What is it that creates human relationships?
There is one decisive factor pivotal to creating a bond with another human being, one that is often overlooked because of its simplicity and perhaps what it says about humans as fickle creatures scurrying about in search of company. This factor is proximity: nothing more or less than the people who coincidentally happen to be in the area surrounding someone. Proximity is the overlooked factor in human relationships, much more important than mutual interest, mutual advantage, or genetic links. If a human is spatially close to another human for long periods of time, some manner of bond will inevitably develop. Admittedly these bonds are strengthened by sharing of common interests and relationships may be sustained without proximity and across long distances through a mutual desire to see one another, to spend time in one another’s presence.
All relationships begin with proximity. A mere crossing of paths. A convergence of events precipitously bringing two people or more into contact. This proximity can be generated by a confluence of myriad activities: people forced to work together, people striving for education in shared vocations, children forced to live with their relatives until such a time as they have the means to leave, people who share a place of recreation, entertainment, or belief. When people are brought together for extended periods of time under any circumstances, a relationship will form. Great bonds are said to develop between humans in prison, in the army, in support groups, in school: areas where people collide; where they are brought together and left no alternative but to form teams relying upon mutual dependency. Would the protagonists of ‘Brokeback Mountain’ have sought each other’s comfort had they not been forced together on the side of the titular mountain?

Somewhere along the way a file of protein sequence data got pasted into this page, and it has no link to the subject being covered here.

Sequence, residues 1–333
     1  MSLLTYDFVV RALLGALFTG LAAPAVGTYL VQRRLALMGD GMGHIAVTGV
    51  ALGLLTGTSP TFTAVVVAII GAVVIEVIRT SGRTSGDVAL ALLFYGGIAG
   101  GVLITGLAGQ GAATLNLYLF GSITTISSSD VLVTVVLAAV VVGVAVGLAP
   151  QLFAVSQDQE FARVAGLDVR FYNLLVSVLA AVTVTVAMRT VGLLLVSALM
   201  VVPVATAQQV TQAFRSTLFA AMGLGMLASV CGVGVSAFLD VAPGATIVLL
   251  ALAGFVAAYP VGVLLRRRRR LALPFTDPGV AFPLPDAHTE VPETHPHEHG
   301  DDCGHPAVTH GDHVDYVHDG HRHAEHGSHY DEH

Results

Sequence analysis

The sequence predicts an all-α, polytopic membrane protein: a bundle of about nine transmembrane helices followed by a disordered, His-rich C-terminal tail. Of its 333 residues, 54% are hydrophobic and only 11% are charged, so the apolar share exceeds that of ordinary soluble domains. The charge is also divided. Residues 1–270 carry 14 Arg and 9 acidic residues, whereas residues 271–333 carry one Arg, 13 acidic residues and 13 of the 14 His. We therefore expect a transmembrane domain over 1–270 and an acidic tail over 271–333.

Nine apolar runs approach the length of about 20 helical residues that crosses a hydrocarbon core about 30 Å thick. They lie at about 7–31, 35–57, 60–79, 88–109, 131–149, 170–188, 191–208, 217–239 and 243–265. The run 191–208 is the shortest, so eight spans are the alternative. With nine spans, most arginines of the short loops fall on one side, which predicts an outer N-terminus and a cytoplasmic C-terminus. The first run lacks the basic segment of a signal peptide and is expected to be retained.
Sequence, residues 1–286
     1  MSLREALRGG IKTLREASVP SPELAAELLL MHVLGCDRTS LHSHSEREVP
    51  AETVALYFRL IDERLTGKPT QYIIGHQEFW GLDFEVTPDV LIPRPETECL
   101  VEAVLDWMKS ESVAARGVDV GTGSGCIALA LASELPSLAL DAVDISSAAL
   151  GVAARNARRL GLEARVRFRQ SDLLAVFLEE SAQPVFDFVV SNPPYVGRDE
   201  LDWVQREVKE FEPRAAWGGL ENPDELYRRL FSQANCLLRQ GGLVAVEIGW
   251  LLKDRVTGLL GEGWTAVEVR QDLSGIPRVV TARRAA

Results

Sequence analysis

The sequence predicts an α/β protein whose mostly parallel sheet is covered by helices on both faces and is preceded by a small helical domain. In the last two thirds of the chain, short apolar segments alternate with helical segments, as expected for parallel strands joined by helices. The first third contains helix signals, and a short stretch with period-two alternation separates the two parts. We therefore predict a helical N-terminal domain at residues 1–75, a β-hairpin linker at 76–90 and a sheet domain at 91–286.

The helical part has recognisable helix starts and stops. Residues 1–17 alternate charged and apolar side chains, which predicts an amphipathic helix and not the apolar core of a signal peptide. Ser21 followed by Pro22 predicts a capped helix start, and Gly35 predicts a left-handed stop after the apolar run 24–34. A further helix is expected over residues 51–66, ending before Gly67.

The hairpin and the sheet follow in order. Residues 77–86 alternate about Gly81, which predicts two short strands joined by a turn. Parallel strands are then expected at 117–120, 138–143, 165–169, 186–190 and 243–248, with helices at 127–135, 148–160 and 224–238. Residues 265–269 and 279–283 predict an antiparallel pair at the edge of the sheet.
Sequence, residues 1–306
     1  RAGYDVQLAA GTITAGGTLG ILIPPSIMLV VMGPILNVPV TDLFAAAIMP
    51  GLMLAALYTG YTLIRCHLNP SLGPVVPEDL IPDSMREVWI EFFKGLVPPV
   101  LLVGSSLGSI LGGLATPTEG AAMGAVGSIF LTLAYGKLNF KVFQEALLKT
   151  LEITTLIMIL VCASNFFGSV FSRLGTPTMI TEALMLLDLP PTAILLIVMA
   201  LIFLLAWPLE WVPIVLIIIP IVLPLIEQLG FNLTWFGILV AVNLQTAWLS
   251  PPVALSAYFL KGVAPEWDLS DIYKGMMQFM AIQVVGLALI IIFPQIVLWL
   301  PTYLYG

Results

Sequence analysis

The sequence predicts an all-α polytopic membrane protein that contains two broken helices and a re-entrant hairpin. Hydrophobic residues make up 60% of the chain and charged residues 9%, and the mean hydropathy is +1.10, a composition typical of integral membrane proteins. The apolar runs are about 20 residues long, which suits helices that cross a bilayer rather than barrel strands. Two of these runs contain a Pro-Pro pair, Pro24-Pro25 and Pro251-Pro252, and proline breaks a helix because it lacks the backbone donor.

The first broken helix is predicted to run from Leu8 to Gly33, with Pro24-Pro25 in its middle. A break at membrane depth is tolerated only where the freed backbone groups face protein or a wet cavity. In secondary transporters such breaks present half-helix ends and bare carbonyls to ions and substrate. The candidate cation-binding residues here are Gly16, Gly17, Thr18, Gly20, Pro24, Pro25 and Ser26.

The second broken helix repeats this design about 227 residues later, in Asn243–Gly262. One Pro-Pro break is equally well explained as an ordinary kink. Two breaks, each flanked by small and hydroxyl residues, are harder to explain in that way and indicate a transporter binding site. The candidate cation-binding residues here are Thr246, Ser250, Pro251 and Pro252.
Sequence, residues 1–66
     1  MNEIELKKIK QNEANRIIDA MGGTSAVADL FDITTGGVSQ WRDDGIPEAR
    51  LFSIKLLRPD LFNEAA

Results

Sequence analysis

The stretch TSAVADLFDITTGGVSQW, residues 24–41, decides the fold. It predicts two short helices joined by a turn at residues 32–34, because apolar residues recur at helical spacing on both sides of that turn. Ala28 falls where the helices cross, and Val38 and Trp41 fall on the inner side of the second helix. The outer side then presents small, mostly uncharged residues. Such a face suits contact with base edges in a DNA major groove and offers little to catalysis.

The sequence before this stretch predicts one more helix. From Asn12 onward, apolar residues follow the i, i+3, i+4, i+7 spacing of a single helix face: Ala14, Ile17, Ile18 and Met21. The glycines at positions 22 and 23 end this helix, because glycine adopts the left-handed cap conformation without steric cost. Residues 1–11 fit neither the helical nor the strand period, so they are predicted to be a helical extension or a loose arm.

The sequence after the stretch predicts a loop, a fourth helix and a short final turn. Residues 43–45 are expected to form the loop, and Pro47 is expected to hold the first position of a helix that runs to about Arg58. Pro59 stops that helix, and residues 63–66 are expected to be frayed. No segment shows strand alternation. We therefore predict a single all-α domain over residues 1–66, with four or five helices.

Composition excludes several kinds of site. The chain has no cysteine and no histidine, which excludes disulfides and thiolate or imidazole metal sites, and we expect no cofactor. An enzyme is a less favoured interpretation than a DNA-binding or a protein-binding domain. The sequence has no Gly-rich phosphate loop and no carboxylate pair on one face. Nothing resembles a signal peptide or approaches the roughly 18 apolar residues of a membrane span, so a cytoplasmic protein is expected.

This view may at first seem indeterministic, a dour and glib view of the human condition whereby relationships are formed randomly based upon chance encounters and nothing more. No soul mates. No lovers destined to meet. No familial attachment keeping kin together through thick and thin. Nothing but disparate atomic beings swirling in the void, sticking to those within close distance. Nothing but human creatures meeting and reaching out, reaching for a chance to escape the solitary confines of one’s own body, reaching for something more than the deafening silence within a lone mind, reaching, always reaching. Humans find packs and run with them: relationships have no more dignity or status than wolves enjoying one another’s musk.
However this unveiling of proximity as the overlooked factor can be liberating. How refreshing to believe that a great bond of sharing and intimacy can be formed with anyone who we are made to contact! The freedom to form a relationship for the ages with any person we come close to spatiotemporally. Anyone, any human no matter how different, could be the next great friend or lover of a lifetime. In scientific and clinical terms, force two elements together and cohesion will occur, at least in human sociology. In more poetic terms, a stranger is just a friend you haven’t met.
FQ = Friendship Quota
P = Proximity = Hours spent within ten metres of one another
I = Number of commonly held interests/beliefs
(IQ1 – IQ2) = Difference in IQ levels
O = Number of offensive/annoying characteristics